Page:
Vaishnavi Sood and Ishveen Kour
“Please start the lessons in offline mode,” urged the 25-year old postgraduate student from Afghanistan.
Lida Halim is currently enrolled in the 2-year Master’s course in journalism and mass communication at Panjab University. She hails from Takhar province in Afghanistan and presently lives in the capital city of Kabul.
Talking about her experience with PU; Lida says “I was unlucky that I could not meet my friends, classmates, professors, and the city beautiful Chandigarh.”
Virtual classrooms have left one with diminished learning returns and even less memories of much awaited academic years. The lethal second wave and extended online sessions have been of little respite. It has also raised agonising concerns among students about their future. Studying abroad is a dream come true for many. But, the current arrangements can be even more challenging for foreign students.
Lida said, “I knew that the journey would start online but I had hoped to be in Chandigarh by the end of first semester. The entire first year is about to finish but I am still in Afghanistan.”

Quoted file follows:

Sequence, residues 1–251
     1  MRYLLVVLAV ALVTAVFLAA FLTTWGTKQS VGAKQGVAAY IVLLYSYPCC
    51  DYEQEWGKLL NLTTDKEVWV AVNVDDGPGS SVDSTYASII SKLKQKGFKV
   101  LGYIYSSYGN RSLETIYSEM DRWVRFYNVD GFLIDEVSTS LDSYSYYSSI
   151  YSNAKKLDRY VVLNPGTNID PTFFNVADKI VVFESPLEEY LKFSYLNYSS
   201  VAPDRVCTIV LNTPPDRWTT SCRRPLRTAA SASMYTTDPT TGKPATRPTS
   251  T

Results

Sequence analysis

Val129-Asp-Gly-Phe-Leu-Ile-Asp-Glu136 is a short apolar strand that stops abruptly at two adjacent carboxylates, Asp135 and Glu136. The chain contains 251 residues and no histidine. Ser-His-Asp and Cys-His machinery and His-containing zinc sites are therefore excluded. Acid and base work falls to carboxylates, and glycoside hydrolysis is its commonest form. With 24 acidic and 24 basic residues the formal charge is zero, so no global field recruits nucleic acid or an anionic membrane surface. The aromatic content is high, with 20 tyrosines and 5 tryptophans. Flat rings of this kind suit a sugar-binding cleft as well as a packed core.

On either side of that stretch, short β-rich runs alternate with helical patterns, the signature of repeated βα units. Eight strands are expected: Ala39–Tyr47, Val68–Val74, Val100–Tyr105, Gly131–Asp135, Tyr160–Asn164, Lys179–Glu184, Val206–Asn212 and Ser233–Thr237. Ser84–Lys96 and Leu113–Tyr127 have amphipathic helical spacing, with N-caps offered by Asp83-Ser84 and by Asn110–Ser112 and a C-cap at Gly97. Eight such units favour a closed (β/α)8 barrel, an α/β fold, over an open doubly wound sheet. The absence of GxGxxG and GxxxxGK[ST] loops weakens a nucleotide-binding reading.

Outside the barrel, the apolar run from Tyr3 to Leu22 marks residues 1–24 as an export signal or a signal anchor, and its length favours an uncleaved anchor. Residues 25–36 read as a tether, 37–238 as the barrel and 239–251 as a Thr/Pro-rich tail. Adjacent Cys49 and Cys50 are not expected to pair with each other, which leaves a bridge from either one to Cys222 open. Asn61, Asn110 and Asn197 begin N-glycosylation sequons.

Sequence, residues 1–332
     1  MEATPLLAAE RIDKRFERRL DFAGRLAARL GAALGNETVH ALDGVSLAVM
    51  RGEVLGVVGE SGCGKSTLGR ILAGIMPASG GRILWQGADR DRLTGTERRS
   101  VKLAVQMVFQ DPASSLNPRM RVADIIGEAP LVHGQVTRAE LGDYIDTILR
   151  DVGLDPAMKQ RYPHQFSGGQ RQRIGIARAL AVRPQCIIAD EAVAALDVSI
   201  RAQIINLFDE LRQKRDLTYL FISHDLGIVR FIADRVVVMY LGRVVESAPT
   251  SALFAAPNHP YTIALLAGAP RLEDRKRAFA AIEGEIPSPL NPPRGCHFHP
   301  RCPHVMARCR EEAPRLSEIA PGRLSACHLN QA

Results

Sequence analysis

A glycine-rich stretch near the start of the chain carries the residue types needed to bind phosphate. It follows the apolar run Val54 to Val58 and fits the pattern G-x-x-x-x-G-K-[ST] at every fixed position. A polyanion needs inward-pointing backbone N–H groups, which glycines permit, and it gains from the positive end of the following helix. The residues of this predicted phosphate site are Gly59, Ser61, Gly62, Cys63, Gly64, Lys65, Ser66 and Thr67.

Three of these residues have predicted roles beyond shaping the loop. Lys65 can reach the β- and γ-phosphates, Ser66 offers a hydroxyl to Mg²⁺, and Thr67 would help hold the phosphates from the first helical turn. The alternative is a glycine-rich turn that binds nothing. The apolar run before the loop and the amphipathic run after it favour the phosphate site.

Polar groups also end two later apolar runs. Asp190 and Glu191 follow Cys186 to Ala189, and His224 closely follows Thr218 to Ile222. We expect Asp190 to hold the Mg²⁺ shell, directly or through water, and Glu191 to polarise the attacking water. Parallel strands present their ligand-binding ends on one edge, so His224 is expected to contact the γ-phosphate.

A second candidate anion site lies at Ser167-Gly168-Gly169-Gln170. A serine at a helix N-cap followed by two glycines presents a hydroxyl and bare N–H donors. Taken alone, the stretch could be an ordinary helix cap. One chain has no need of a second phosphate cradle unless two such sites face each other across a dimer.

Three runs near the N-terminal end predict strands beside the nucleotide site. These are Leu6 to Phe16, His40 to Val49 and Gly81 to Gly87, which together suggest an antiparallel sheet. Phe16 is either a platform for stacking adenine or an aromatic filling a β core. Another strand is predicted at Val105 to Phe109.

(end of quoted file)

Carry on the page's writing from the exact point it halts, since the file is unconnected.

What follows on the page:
Echoing the emotions of her many colleagues and contemporaies, Lida noted that the present arrangement is not as useful for the students especially for international students like herself. She said that internet and electricity issues make it difficult for her to attend online classes regularly.
On being asked what inspired her to join the journalism course; she credits her graduation days. Lida completed her graduation in journalism and mass communication in Persian language from Balkh University in Mazar-i-Sharif.
She recalled, “Journalism not was my favourite field at the time but after joining the university, I got interested in pursuing this profession and now I love it. I know it is difficult to be a journalist in Afghanistan, but, you must accept all risks.”
She further cited positive feedback from various Afghan students about India and the varsity which prompted her to apply for the MJMC course in School of Communication Studies at Panjab University. She also thanked her professors and classmates for all the help and support.
However, she also expressed her dejection over losing out on a year of learning and memories owing to online education in the pandemic. She expressed hope that the upcoming final year begins offline and she can compensate for the things lost in the first year.
The story was originally covered for the Student Reporter of Panjab University.